Data Security, Vulnerability Management

Millions of users vulnerable to zero-day in MOVEit file transfer app

Data transfer, file transfer.

A critical zero-day vulnerability in Progress Software’s MOVEit Transfer file transfer application could have a broad impact — leading to escalated privileges and potential unauthorized access to millions of IT environments.

In the past two days since Progress Software made the disclosure about the SQL injection vulnerability — CVE-2023-34362 — researchers from Huntress to Mandiant to security researcher Kevin Beaumont have commented on the vulnerability, imploring security teams to patch.

According to Progress Software, thousands of enterprises, including 1,700 software companies and 3.5 million developers use MOVEit. Security researchers also pointed out that the Department of Homeland Security and some large banks also use MOVEit. The Progress Software website boasts Chase Bank, Disney, BlueCross BlueShield, GEICO, JetBlue, and Major League Baseball as customers.

“We are already identifying active intrusions at several clients and expect many more in this short-term,” said John Hultquist, chief analyst, Mandiant Intelligence at Google Cloud. “Everyone needs to move fast to patch, and in cases where they suspect exploitation, prepare for possible public release of their data." 

John Hammond, senior security researcher at Huntress, explained that MOVEit is managed file transfer software that uses multiple protocols to share data securely in an automated manner. Hammond said potential use cases include a university that desires potential students to upload their application online in a secure manner. Another good example: a financial institution that requires customers to upload their data to apply for a loan.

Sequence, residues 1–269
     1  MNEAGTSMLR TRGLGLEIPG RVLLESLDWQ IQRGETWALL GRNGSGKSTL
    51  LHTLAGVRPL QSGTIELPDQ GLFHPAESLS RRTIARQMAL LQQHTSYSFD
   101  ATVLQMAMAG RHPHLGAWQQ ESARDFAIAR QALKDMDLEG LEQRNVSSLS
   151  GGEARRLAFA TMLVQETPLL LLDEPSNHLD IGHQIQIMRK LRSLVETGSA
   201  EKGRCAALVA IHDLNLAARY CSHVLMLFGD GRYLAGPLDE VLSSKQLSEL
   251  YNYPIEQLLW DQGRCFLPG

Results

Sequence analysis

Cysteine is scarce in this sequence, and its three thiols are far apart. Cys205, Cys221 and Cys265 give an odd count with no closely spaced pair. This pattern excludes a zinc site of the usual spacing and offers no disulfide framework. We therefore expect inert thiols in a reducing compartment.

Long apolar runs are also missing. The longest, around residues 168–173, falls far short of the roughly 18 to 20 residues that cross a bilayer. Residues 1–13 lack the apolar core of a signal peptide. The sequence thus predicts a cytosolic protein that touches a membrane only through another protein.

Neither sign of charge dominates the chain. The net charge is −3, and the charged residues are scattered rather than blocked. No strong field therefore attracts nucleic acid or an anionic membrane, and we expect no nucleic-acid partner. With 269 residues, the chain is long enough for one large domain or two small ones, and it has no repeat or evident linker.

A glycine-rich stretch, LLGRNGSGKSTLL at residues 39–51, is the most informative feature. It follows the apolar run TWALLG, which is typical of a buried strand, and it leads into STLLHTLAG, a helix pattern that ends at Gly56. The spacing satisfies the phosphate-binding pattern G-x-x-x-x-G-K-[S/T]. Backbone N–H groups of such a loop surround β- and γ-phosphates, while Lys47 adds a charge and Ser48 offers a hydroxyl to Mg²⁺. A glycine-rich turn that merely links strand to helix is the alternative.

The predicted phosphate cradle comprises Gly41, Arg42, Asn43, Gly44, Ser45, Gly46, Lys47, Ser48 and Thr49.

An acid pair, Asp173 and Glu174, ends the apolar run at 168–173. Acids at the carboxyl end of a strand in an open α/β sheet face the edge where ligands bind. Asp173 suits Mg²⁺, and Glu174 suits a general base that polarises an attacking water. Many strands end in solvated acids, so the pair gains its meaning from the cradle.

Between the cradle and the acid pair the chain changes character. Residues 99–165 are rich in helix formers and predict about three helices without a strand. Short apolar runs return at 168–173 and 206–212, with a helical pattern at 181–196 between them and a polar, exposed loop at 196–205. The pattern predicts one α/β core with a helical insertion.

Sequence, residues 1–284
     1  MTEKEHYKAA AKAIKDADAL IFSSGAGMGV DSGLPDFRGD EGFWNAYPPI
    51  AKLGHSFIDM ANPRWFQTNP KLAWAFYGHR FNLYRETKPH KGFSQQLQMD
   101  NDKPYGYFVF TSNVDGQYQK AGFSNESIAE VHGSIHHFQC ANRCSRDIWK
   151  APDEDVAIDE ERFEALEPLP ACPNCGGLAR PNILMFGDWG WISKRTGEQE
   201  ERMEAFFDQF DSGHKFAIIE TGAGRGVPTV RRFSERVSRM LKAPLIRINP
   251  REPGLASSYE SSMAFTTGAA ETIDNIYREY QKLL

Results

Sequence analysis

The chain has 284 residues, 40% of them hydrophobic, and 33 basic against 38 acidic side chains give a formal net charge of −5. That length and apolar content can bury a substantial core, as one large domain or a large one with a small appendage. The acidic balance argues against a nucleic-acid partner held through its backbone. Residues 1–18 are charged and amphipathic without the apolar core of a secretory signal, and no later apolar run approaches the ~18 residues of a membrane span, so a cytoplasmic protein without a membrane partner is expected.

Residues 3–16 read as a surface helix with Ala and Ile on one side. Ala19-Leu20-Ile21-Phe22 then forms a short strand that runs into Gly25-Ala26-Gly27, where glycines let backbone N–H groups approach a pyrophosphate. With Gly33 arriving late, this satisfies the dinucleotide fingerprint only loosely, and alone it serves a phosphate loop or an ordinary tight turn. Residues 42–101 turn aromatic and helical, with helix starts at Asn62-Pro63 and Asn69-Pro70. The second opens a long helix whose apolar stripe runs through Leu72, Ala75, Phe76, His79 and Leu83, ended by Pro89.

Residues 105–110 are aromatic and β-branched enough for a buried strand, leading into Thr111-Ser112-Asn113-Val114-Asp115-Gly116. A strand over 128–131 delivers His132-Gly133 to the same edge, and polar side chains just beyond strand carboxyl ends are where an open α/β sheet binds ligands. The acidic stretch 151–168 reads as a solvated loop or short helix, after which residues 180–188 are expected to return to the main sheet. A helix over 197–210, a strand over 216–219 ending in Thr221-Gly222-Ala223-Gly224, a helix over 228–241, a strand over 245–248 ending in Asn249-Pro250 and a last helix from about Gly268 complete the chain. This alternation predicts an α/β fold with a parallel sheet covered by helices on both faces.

"If this MOVEit transfer is exposed to the internet — as Shodan suggests 2,500 devices are — it’s likely that it could have been compromised during the Memorial Day weekend, or perhaps even earlier," said Hammond. “We know that there have been cases of data exfiltration for affected victims, and the deployed backdoor we’ve seen in this campaign offers persistent access to the threat actor. Without cleaning up the intrusion, the adversary can potentially steal Azure account information or continue operations later."

Charles Carmakal, CTO at Mandiant Consulting at Google Cloud, added that Mandiant has been investigating several intrusions related to the exploitation of the MOVEit managed file transfer zero-day vulnerability. Carmakal said mass exploitation and broad data theft has occurred over the past few days.

“In addition to patching their systems, any organization using MOVEit should forensically examine the system to determine if it was already compromised and if data was stolen,” said Carmakal. “Although Mandiant does not yet know the motivation of the threat actor, organizations should prepare for potential extortion and publication of the stolen data. Mass exploitation of zero-day vulnerabilities with other managed file transfer solutions have resulted in data theft, extortion, publication of stolen data, and victim shaming."

Progress Software said all versions of MOVEit Transfer are affected by this vulnerability. They recommend that security teams apply the patches issued in its advisory.

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